This sounds easier than it actually is, and give each keeper 2-3 shots from different angles and points on the box, to sharpen them up.

keeper adjusts as they see the ball

Look for the keeper to adjust their feet and “set” position as the ball moves across the face of the box. If their positioning and angle was right as the attackers starts their move, it’s unlikely to still be right as they end up on the other end of the box. The keeper should be adjusting. If they aren’t, then encourage them to move their feet as their eyes give them more info.

A second variation is a free kick from 12-15 yards, with a small wall of 2-3 players. If you can whip the ball in over, or around the wall, this also forces the keeper to adjust their feet and positioning as new information arrives on where the ball is coming from. As the ball will suddenly appear from “behind” the wall, the foot movement will need to be quick and precise. As the flight of the ball becomes clearer (high and rising, or low and falling) the keeper should adjust their body shape too – jumping up or diving low.

Encourage the keeper to develop a “minds eye” reflex and to trust it. We’ll finish off with a drill that does just that – “reverse-reflex.”

Judging the flight of the ball

The final session point of the three, flight of ball, flows nicely from the free kick practice we’ve just done.

With a free kick, the ball is seem late, and can be high and rising towards the top corner, or low and on the ground, spinning and swerving into the bottom corner. The keeper has a moment to judge the flight and adjust their position and body shape.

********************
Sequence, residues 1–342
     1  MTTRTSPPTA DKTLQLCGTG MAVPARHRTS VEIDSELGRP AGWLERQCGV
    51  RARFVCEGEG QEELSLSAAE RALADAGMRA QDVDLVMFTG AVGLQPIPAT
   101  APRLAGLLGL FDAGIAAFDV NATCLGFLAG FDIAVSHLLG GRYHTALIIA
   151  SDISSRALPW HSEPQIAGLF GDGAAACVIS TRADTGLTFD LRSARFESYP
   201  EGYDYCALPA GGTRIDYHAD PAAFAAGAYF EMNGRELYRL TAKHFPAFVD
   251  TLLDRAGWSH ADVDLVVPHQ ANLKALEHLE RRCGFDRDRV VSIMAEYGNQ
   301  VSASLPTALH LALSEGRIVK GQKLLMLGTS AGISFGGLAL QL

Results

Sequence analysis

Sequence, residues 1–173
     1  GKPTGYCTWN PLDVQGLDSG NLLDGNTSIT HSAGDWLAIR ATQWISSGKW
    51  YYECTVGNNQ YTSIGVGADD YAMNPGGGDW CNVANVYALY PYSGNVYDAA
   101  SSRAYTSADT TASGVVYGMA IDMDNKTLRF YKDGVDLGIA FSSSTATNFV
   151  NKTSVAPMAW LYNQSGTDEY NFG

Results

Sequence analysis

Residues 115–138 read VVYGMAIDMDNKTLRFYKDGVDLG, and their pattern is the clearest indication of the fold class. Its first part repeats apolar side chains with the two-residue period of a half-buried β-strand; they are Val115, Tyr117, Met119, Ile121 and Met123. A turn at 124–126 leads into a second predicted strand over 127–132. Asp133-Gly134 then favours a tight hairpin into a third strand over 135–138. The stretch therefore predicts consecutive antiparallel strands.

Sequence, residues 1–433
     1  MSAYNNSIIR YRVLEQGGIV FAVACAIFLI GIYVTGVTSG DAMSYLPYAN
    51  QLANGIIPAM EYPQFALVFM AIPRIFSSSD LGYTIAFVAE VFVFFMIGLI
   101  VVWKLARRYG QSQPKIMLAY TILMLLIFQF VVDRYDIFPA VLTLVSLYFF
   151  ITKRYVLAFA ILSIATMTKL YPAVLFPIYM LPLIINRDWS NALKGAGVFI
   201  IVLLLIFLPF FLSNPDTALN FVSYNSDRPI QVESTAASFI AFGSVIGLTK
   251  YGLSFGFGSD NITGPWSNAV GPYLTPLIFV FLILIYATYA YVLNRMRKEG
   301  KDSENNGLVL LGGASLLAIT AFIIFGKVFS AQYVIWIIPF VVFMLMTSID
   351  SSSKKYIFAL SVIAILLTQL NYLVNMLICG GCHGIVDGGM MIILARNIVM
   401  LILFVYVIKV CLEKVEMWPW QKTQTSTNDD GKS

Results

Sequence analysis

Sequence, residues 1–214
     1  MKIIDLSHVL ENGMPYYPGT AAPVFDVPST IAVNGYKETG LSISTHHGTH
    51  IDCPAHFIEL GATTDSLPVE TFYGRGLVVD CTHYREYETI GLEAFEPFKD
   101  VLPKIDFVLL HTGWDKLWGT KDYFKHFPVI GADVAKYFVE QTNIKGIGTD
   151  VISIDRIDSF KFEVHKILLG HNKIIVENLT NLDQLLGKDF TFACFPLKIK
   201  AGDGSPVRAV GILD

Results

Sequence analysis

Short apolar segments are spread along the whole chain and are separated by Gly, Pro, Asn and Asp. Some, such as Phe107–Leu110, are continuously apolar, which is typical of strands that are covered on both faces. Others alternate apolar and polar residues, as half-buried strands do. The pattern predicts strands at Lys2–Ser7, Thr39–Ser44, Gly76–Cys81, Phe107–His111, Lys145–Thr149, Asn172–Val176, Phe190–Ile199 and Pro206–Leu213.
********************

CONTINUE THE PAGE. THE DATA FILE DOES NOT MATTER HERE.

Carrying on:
keeper moves from far to near post then catches a high ball thrown by coach

To simulate and sharpen this technique we have 2-3 play “obstructions” – defenders or attackers that are initially static. They are just to give the keeper something to think about. Place them opposite both posts, about 5yrs out.
Have the keeper move from the far post towards the near post. This simulates a striker threatening the near post. Then have the keeper move between the “obstructions” and catch a high thrown “cross”.
Have them take the ball as early and as high as possible.
They need to judge the flight of the ball as soon as it leave the coaches hands.
Vary the “crosses” – some long and high, past the second far “obstruction”, some short and in front of the near “obstruction”.
Occasionally throw the ball into the goal, catching out a clever keeper who’s already on their way between the obstructions.

Make sure the catches (or punches) are clean and precise.
But most of all watch the keepers eyes and feet. Judging the flight of the ball is essential. If the keeper’s too near or too far when it drops they won’t have a chance. This takes good eyesight and decision making. The two earlier drills will have sharpened the eyes to make those judgements quickly.

But also watch the feet – they need to move quickly and precisely, to arrive at the best point to take the high ball as early and safely as possible.